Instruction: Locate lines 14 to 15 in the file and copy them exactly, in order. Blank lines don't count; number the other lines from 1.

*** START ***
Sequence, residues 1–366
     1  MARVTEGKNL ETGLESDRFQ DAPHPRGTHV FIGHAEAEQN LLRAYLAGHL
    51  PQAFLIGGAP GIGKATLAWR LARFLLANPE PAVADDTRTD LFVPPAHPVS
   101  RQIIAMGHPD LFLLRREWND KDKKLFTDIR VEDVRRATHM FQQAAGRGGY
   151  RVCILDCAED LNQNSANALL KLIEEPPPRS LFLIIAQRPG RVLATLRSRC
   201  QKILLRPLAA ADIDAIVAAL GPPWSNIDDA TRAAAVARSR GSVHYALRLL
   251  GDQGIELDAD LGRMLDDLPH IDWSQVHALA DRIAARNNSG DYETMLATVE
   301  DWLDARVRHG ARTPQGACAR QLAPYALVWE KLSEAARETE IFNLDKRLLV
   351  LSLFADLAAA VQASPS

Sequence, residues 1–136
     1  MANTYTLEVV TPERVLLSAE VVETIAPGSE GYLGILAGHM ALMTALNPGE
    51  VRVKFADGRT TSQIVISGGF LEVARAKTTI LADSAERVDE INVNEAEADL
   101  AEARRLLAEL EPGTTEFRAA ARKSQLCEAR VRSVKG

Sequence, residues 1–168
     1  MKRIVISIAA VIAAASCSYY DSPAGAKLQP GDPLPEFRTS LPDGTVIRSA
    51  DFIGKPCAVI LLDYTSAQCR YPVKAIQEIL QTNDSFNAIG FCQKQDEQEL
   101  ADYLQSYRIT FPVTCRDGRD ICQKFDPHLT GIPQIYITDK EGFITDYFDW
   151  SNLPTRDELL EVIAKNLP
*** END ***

Sequence, residues 1–168
     1  MKRIVISIAA VIAAASCSYY DSPAGAKLQP GDPLPEFRTS LPDGTVIRSA